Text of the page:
I can remember Ford Motor CEO Jacques Nasser standing up in front of the Detroit auto show in January 2000 with Jerry Yang, the founder of Yahoo. I was covering the show for U.S. News & World Report.
It was the moment when it dawned on the auto industry that two universes were beginning to collide–the automotive world and the Silicon Valley tech world.
Over the next 15 years, the two camps have circled each other warily. Silicon Valley didn’t know how to make cars; Detroit didn’t know how to create software that truly engaged with drivers. Tesla appeared on the scene and although it still isn’t profitable, it has fueled imaginations on both sides of the great digital divide.
Now we are seeing each side strike up alliances that will shape the future of both industries. Cars have as many semiconductors and lines of software code as early spacecraft did. GM’s Chevy division has signed up with Apple CarPlay and Google’s Android Auto. Tesla is hiring engineers by the boatload according to the Wall Street Journal. Ford Motor and Toyota Motor are opening offices in the Valley to scoop up talent. Ford has moved away from relying on Microsoft for its Sync system and embraced BlackBerry’s more intuitive software, which I described in Chief Executive earlier this year. It feels a great deal like a SmartPhone.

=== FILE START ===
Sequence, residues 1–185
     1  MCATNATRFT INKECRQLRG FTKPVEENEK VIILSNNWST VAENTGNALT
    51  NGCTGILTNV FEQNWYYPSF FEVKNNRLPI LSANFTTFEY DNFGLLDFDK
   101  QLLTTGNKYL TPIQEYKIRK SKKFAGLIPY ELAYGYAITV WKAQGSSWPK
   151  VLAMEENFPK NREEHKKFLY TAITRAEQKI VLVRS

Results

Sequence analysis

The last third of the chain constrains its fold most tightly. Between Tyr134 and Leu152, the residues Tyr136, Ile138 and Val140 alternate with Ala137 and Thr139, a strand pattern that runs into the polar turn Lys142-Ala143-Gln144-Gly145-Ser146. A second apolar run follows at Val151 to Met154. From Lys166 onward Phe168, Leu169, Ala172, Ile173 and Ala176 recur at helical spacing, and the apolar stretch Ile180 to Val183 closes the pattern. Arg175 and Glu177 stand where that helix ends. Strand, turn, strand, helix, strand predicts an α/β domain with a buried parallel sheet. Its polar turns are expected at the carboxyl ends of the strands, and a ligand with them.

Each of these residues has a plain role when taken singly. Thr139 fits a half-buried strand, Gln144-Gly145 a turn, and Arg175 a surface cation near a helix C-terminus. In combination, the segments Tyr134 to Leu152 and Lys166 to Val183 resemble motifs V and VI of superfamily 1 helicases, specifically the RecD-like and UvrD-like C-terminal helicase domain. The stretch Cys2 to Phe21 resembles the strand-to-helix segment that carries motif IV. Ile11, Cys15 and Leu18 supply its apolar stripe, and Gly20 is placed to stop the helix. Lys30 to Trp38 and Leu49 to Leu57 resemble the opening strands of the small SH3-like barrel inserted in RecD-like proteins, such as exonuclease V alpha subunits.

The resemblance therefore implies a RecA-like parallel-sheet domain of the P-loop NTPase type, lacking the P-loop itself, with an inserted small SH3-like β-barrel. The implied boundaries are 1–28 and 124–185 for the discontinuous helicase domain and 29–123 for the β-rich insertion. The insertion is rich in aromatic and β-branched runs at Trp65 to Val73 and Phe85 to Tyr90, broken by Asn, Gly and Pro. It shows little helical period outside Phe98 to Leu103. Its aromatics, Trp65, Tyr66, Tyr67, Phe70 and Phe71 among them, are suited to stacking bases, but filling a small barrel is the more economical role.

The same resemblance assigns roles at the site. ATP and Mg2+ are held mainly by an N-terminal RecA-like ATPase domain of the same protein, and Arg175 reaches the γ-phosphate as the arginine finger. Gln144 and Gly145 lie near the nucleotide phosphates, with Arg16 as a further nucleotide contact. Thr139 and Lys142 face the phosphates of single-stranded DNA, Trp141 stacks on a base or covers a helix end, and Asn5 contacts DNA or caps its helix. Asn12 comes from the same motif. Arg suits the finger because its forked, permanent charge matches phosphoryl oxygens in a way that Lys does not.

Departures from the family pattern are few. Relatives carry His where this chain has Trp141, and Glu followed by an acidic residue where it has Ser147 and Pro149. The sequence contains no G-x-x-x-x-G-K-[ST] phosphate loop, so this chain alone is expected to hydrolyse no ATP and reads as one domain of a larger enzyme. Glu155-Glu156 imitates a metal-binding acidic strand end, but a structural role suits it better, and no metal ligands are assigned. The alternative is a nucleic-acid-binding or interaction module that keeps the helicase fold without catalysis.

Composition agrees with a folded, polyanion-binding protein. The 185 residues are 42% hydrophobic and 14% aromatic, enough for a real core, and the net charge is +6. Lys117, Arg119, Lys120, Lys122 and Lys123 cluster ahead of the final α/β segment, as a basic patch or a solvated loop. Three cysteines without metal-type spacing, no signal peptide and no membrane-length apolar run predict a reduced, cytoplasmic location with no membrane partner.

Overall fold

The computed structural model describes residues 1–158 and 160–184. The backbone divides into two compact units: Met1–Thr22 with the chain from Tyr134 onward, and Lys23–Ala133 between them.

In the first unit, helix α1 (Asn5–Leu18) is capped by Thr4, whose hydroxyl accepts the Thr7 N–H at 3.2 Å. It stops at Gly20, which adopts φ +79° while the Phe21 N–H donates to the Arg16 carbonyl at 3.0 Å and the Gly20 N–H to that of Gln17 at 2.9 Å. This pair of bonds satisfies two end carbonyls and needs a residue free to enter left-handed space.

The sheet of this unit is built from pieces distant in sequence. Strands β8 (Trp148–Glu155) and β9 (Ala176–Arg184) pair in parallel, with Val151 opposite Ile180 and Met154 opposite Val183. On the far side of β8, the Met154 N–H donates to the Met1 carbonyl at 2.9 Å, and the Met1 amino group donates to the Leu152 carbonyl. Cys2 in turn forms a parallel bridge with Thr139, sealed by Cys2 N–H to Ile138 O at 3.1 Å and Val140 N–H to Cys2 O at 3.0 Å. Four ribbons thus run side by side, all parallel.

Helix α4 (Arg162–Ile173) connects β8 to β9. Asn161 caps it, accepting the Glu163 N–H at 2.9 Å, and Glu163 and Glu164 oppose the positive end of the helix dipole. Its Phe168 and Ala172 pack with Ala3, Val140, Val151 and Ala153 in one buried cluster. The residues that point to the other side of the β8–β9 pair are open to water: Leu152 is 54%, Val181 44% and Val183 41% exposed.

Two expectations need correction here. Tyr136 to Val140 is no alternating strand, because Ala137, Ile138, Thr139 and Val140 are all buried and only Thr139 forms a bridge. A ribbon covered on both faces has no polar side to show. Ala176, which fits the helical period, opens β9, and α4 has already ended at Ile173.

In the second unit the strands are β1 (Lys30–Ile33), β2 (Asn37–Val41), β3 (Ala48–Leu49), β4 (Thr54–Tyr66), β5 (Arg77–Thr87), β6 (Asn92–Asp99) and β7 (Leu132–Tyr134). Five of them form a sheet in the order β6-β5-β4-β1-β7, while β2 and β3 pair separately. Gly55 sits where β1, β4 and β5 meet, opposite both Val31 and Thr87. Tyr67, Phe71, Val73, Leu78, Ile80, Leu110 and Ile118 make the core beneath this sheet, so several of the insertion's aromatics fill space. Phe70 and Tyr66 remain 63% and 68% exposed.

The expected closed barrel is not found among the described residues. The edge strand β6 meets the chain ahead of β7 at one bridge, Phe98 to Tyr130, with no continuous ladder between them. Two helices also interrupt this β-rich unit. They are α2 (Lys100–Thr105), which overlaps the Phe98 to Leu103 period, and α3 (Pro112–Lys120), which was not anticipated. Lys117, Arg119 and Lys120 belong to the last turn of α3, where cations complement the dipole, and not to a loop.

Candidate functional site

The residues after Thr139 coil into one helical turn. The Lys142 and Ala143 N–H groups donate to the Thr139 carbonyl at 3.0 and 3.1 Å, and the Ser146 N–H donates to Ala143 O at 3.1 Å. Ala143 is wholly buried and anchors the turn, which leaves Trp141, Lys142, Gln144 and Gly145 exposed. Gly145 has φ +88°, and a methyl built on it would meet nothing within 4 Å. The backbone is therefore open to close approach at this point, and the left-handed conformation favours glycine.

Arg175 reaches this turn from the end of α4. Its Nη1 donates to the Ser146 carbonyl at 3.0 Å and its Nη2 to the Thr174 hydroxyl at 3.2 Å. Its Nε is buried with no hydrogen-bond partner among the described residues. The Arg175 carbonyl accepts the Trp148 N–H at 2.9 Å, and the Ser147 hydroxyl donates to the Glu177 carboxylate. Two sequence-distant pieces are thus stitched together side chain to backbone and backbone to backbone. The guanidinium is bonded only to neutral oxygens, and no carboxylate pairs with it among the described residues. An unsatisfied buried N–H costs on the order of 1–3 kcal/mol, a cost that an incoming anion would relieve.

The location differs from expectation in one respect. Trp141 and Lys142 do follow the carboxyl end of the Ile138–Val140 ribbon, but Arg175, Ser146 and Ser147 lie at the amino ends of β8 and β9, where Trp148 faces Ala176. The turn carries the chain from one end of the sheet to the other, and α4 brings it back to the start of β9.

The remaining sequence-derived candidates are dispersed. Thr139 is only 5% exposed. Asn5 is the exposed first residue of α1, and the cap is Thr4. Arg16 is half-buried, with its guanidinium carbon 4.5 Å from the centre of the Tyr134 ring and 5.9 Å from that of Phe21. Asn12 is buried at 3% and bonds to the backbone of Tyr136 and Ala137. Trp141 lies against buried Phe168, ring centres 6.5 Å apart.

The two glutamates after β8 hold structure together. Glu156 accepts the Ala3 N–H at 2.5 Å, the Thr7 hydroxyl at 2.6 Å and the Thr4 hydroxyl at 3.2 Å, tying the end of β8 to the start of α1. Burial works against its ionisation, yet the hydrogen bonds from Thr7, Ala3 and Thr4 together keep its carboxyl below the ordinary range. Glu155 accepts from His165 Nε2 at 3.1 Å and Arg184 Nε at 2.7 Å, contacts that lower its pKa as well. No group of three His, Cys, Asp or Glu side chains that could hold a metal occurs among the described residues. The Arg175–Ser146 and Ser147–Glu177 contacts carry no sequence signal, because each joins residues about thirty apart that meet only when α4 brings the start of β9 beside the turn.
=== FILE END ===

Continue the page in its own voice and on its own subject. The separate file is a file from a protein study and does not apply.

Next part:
— Chief Executive (@ChiefExecGrp) May 26, 2015
The prize at the end of the rainbow for everyone seems to be increasingly intelligent and connected vehicles even if the vision of completely autonomous cars can never be achieved. Precisely which software can be best blended with Detroit’s metal? Who is going to earn the greater share of the profits from these alliances? Come back in another 15 years and maybe we’ll have the answers. This is going to be a fascinating space to watch.